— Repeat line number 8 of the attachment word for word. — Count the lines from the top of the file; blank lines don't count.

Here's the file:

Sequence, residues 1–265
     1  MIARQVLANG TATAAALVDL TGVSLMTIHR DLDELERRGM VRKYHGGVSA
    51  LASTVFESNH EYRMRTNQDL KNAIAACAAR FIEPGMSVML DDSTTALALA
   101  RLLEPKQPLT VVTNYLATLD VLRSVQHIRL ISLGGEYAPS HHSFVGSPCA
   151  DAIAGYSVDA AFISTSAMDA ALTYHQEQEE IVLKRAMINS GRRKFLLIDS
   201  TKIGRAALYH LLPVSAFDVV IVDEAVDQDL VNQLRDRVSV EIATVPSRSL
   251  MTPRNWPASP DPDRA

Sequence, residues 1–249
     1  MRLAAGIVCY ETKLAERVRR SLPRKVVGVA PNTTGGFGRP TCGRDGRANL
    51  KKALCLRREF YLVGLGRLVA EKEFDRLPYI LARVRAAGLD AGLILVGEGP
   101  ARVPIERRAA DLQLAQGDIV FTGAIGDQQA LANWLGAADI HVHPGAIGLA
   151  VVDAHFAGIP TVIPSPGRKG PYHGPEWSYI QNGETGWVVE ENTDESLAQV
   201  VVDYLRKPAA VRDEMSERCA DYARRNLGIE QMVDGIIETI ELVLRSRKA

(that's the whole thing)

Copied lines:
Sequence, residues 1–249